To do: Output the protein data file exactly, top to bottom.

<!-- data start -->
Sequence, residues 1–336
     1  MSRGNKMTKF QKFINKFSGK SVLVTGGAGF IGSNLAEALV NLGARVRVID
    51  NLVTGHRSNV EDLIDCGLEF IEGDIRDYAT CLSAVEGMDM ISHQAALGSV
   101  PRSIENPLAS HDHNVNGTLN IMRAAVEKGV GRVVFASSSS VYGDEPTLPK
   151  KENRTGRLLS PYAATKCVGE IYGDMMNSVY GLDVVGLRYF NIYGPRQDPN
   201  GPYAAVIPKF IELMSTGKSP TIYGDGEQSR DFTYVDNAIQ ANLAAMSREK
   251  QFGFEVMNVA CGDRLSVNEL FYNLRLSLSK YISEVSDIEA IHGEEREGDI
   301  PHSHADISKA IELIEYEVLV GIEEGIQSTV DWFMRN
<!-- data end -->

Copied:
Sequence, residues 1–336
     1  MSRGNKMTKF QKFINKFSGK SVLVTGGAGF IGSNLAEALV NLGARVRVID
    51  NLVTGHRSNV EDLIDCGLEF IEGDIRDYAT CLSAVEGMDM ISHQAALGSV
   101  PRSIENPLAS HDHNVNGTLN IMRAAVEKGV GRVVFASSSS VYGDEPTLPK
   151  KENRTGRLLS PYAATKCVGE IYGDMMNSVY GLDVVGLRYF NIYGPRQDPN
   201  GPYAAVIPKF IELMSTGKSP TIYGDGEQSR DFTYVDNAIQ ANLAAMSREK
   251  QFGFEVMNVA CGDRLSVNEL FYNLRLSLSK YISEVSDIEA IHGEEREGDI
   301  PHSHADISKA IELIEYEVLV GIEEGIQSTV DWFMRN